Most theories of morphosyntax in use by linguists today make some use of the notion of a feature, a way of encoding the various properties that a word possesses. Using features is a way of formalizing relationships between different forms of one word as well as identifying commonalities between different words. Although the necessity of features in syntactic theory is more or less uncontroversial, there is far less consensus on exactly how features are represented and manipulated in the grammar and how those abstract representations correspond to the realizations of the features that we can see in the words of a given language. My dissertation will address these issues by investigating features in Estonian and Icelandic nominals. The dissertation addresses two domains: nominal phrase internal agreement (or concord), and the structure of partitives and pseudopartitives: constructions like ‘a bag of flour’ or ‘some of the children’. I argue in my dissertation that concord must be distinguished from at least one other form of agreement: subject-verb agreement. I propose a new model for concord within nominals, using partitive structures as a way to shed light on aspects of the phenomenon that simpler nominal structures cannot illuminate. The dissertation thus provides a novel analysis of concord as well as, to my knowledge, the first generative syntactic analyses of partitives in both Estonian and Icelandic.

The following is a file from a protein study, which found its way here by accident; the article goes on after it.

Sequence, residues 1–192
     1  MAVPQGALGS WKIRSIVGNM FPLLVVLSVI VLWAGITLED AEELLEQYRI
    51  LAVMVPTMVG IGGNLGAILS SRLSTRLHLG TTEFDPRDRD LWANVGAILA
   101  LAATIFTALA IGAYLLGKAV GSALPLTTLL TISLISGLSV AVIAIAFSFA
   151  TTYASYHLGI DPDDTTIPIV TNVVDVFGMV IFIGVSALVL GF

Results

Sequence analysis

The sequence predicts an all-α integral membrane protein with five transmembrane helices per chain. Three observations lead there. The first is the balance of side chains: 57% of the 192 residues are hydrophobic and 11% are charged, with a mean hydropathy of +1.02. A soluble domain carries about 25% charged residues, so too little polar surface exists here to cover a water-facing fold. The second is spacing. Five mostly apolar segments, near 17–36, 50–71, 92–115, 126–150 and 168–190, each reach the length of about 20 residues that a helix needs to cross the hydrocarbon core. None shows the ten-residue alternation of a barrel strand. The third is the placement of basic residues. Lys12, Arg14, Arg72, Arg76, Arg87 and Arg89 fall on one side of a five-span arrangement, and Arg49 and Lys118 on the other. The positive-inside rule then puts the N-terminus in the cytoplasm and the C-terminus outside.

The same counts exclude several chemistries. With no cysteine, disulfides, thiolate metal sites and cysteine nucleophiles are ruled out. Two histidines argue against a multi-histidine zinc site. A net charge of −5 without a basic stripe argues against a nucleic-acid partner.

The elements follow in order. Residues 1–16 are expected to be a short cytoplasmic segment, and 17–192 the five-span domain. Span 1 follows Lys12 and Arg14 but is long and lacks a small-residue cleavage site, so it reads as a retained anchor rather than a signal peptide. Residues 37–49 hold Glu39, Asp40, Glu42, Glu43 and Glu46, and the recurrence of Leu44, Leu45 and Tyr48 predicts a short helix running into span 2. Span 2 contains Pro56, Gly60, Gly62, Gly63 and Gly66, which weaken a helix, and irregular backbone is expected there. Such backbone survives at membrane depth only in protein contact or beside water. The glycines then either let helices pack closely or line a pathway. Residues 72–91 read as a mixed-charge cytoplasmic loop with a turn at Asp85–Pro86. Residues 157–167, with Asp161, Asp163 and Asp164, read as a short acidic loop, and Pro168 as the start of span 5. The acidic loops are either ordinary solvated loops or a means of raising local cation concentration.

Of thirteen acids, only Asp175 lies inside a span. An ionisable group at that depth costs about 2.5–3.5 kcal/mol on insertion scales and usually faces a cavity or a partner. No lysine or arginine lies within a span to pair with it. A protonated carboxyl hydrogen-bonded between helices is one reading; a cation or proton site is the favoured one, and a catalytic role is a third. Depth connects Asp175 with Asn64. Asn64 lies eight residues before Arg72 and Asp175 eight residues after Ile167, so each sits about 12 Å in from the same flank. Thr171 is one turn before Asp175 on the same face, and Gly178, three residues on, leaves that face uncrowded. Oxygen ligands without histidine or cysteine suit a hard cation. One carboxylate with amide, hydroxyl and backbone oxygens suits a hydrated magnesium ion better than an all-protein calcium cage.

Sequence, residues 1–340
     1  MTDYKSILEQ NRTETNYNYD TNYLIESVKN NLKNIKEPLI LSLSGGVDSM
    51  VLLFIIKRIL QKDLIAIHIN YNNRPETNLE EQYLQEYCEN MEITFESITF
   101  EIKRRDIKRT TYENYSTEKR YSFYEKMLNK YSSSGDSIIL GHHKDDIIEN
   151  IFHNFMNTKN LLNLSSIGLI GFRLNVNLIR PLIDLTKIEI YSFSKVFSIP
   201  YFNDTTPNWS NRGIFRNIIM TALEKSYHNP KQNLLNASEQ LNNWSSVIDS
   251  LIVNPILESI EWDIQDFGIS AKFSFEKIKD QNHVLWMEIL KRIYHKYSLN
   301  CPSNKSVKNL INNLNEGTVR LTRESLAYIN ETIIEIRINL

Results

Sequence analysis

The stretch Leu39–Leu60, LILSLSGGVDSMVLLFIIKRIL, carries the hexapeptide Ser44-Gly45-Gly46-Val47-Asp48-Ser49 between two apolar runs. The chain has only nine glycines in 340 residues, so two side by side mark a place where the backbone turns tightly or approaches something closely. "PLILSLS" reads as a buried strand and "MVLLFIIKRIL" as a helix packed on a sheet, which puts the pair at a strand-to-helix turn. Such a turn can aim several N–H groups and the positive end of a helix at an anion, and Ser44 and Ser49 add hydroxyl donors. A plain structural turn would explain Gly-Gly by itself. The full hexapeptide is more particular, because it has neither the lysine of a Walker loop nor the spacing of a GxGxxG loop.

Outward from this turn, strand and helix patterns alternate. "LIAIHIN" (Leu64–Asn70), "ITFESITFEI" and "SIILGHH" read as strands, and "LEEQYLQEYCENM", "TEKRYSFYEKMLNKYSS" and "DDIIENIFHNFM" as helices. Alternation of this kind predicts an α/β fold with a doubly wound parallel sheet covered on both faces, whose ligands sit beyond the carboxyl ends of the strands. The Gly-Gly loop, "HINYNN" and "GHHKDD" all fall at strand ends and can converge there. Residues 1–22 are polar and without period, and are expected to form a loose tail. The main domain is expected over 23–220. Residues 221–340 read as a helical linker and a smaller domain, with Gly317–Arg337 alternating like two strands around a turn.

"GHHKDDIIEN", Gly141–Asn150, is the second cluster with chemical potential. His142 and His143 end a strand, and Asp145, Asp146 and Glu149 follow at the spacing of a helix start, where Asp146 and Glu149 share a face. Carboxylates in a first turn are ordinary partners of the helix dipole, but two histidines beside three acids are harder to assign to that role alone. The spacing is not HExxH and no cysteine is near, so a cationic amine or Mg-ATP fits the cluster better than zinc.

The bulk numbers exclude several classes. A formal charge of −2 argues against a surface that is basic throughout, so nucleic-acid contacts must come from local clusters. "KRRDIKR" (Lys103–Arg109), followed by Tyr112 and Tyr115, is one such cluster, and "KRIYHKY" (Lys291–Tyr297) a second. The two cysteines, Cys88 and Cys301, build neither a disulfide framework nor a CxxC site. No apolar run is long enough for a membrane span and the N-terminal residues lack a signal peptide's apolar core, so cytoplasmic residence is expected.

Mark Norris is a PhD Candidate in Linguistics at UC Santa Cruz.